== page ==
Sony PlayStation TV review

Sony's foray into the micro-console market is a mixed bag

PlayStation TV review

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As most people will do when they unwrap their PlayStation TV, I went straight for the PS4 Remote Play functionality. This is something that works really well on the PS Vita and in theory should work just as good on the PlayStation TV.

To set up I needed to click on the Remote Play icon and the device automatically searched for signs of a PS4 on my network. This took a few minutes for some reason, but when it did finally find my PS4, Remote Play was turned on.

PlayStation TV

I started playing Fifa 14 on the PS4 in the living room, then moved to the bedroom with the same DualShock controller to try the feature out.

There is a little fiddling involved to make it work. For a start, you have to attach the controller via a USB lead to sync it with the PS TV. And when I switched back, I had to do the same with the PS4 and connect the controller to a lead to sync once more.

Remote Play does come with a caveat: if your WiFi isn't the best, then a warning icon will appear on the left-hand side of the screen. Be prepared to see this warning sign a lot.

PlayStation TV

My WiFi at home isn't superfast but I was expecting better results. In my tests, the WiFi ranged between 8-10Mbps, which is more than fine for HD stream and should have been for the Remote Play functionality.

The result, however, wasn't great. I tried out Fifa 14 and there was ghosting throughout the game and lots of motion blur. And that warning icon was present for most of the game.

Sony does warn that you need a strong signal for Remote Play to work but with the two televisions barely 10 metres away from each other and a modest Mbps this was disappointing.

The results were better on my next test. I tethered up both the PS4 and the PS TV to ethernet and the motion blur did reduce but there was still some ghosting. It didn't ruin the gaming experience but it will frustrate those who cherish ping rates and Full HD graphics. It also turns out that the PS TV will only push out HD at 1080i max and you can forget surround sound - this device is two-channel only.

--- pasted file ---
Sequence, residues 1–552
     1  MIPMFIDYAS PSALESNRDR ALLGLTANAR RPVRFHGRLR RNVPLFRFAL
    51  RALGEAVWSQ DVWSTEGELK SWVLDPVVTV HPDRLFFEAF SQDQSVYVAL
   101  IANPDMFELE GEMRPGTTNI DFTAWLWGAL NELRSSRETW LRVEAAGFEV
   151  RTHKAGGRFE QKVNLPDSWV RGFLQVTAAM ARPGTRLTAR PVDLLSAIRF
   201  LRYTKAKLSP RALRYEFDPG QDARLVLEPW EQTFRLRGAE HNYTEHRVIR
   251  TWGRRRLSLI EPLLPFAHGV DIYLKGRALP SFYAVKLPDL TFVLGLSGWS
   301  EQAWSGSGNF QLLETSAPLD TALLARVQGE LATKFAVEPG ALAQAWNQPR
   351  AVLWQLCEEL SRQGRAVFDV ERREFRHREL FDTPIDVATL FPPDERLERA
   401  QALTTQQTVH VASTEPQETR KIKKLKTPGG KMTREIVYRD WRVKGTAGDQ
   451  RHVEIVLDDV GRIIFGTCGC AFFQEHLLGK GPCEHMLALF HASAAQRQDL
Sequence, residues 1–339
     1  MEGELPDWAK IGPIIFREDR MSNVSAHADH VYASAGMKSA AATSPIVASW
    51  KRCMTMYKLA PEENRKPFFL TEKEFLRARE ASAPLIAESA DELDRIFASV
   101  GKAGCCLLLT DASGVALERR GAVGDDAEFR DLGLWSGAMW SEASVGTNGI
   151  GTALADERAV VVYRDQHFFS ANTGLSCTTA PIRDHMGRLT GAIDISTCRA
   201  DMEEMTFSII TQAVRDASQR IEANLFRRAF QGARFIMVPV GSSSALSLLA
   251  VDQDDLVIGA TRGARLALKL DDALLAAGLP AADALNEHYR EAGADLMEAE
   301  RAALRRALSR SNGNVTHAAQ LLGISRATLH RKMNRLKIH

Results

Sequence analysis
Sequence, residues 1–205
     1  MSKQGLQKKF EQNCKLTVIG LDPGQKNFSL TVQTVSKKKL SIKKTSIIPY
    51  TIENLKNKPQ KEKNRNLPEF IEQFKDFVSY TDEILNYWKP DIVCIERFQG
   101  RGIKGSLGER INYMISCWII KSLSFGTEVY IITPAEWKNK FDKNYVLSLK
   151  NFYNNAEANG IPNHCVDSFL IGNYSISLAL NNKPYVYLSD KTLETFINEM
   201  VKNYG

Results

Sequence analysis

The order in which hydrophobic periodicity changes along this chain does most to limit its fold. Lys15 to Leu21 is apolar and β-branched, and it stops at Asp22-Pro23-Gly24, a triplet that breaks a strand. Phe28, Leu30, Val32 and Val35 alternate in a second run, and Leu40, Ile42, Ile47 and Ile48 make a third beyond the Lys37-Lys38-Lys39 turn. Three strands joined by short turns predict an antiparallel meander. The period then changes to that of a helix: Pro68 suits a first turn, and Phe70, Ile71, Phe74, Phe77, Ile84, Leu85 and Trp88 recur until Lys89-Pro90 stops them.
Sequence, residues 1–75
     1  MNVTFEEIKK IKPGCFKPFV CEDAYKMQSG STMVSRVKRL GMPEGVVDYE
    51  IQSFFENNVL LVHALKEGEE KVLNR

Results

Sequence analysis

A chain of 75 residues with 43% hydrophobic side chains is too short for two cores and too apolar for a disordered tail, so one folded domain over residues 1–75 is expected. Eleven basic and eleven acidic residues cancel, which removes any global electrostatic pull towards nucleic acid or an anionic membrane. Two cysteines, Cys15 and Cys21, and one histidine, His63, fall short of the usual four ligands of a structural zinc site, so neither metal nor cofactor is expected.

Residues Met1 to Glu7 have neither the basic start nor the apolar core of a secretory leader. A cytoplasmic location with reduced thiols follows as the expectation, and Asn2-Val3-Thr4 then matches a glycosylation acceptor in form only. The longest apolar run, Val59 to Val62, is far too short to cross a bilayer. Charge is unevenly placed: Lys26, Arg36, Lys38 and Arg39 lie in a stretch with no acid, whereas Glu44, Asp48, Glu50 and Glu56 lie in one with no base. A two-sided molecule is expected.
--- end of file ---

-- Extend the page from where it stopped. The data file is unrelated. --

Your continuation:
The free downloadable games fared a lot better. All three (Velocity Ultra, Worms Revolution and OlliOlli) have been available from the PlayStation Store for a while but it's a nice spread of games.

As you may know already, Velocity Ultra is a wonderful time sink. The top-down space shooter worked great because it was a port that was meant to be played using a Dualshock 3 or 4 controller. Worms isn't amazing but fine as a freebie. I was really looking forward to playing OlliOlli but it simply didn't work with the DualShock 4 controller I was using.

PlayStation TV

I am not aware of compatibility issues and am sure Sony wouldn't bundle a game that doesn't work with PlayStation TV but after downloading, deleting and re-downloading, I couldn't get past the menu screen.

Compatibility is something of a theme with PS TV and does become an issue. Not all PS Vita games work with it. Sony has a list of PS TV compatible games on its site and while there's a number of decent titles on there - Hotline Miami, Rayman Legends and Metal Gear Solid are standout - this is certain to confuse those who buy the system.

PlayStation TV

This pick'n'mix nature of the games that you can play through the device is a little frustrating. It is not helped that there is a slot for PS Vita titles to be played through the device. Out of the nine PS Vita cards I had available to me, all of them 'installed' on to the device but only one was actually playable.

To lessen the confusion, Sony does have a dedicated portal to PS TV games and there are hundreds available - mainly PS Mini games and PSOne titles. Others that have been PS TV optimised are The Lego Movie videogame and Minecraft for kids, and Killzone Mercenary and Borderlands 2 for adults that will also play in native 1080i.


When it comes to the television side of the device, again there is potential but the options right now are barebones.

You can rent and buy films and TV shows through the Sony Entertainment Network, so there are some options for the TV. But Remote Play will not allow you to watch Netflix, Now TV, Amazon On Demand... any of the myriad on-demand services that are available on the PS4.

PlayStation TV

And none of them are currently available as an app for PlayStation TV. It makes you wonder why it even has TV in the title; it doesn't compete with the like of Amazon Fire TV, Now TV or Apple TV so should not be seen as a viable alternative for these.

Marc Chacksfield

Marc Chacksfield is the Editor In Chief, at DC Thomson. He started out life as a movie writer for numerous (now defunct) magazines and soon found himself online - editing a gaggle of gadget sites, including TechRadar, Digital Camera World and Tom's Guide UK. At Shortlist you'll find him mostly writing about movies and tech, so no change there then.